By Maureen Ker
How many votes does it take to win the U.S. presidency? Read an electoral vote map to find out.
Whether it’s choosing the next American Idol or deciding what’s for dinner, making decisions in a group often involves voting for your favorite. Whichever option receives the majority, or more than half, of all the votes is the winner. But when it comes to the U.S. presidential election, the majority vote doesn’t always decide who wins.
Just look at what happened in 2000. It was the closest election in U.S. history. Then Vice President Al Gore received 50,999,897 popular votes (individual votes), while 50,446,002 voted for the then Texas Governor George W. Bush. Yet Bush was the winner. How did it happen?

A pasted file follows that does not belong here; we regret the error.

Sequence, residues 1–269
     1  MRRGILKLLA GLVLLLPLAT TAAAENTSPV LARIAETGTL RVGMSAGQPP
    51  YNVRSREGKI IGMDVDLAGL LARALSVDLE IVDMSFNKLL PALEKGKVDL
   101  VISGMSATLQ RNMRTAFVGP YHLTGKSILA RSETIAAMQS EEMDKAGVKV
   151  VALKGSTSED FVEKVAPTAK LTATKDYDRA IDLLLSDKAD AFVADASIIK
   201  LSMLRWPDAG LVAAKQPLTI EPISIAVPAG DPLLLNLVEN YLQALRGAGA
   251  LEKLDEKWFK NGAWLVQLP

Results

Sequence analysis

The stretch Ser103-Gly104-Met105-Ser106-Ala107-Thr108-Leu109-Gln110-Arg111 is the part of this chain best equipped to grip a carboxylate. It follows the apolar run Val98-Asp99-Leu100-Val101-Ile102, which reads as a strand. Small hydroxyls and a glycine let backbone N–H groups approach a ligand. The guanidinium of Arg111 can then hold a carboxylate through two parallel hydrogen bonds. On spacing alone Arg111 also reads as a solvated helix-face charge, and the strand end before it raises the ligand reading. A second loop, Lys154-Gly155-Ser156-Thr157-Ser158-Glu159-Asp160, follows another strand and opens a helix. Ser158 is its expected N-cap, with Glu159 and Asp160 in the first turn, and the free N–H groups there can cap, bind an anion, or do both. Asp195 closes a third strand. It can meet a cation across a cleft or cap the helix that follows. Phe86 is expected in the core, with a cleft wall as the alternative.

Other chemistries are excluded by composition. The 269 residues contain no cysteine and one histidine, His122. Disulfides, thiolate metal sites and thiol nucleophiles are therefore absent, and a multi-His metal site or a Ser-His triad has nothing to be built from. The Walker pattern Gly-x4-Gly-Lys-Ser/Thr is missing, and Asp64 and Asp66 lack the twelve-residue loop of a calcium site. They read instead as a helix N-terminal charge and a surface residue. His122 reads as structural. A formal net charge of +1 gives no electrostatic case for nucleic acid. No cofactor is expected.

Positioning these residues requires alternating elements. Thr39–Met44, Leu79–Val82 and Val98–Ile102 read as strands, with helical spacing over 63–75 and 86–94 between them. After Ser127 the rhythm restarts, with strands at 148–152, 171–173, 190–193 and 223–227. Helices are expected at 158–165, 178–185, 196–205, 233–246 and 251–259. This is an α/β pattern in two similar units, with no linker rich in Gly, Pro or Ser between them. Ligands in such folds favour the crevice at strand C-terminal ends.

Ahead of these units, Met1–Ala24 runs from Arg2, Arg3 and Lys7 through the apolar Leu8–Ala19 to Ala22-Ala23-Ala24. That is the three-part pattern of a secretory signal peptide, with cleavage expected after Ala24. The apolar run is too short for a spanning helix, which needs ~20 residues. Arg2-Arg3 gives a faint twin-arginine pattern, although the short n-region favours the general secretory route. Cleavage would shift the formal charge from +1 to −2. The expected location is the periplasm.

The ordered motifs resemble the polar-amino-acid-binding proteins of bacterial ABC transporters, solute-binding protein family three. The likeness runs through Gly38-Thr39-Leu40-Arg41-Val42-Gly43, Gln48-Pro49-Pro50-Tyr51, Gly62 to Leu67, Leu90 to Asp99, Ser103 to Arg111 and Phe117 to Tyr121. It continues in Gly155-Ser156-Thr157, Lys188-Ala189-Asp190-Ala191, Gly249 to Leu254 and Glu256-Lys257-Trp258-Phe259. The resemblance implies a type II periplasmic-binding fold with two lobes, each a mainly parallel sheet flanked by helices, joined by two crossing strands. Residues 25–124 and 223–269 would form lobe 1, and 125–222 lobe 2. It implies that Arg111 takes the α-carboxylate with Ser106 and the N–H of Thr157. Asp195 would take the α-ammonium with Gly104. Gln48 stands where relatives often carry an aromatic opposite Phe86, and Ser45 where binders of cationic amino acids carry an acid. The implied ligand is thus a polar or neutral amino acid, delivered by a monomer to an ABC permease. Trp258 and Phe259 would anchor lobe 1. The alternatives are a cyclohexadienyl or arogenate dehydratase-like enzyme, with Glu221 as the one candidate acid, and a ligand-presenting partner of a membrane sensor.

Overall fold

Simple. The president is elected by a majority of electoral votes, not popular votes. Each of the 50 states and Washington, D.C., is assigned a certain number of electoral votes. The greater the state’s population, the more electoral votes it gets. In most states, the candidate who receives the majority of the state’s popular vote wins all of that state’s electoral votes. * (Chosen electors from each state actually cast these votes in mid-December, nearly a month and a half after the November 4 election. These electors are known as members of the Electoral College.)
In 2000, Bush won 30 states for a total of 271 electoral votes. Gore won only 20 states, receiving 266 electoral votes. ** What does it all mean for Senator Barack Obama and Senator John McCain? They have run their campaigns in an effort to get a majority of the 538 total electoral votes. So in a way, majority does still rule!
*Nebraska and Maine divide their electoral votes by districts within the state.
**One electoral vote was not cast.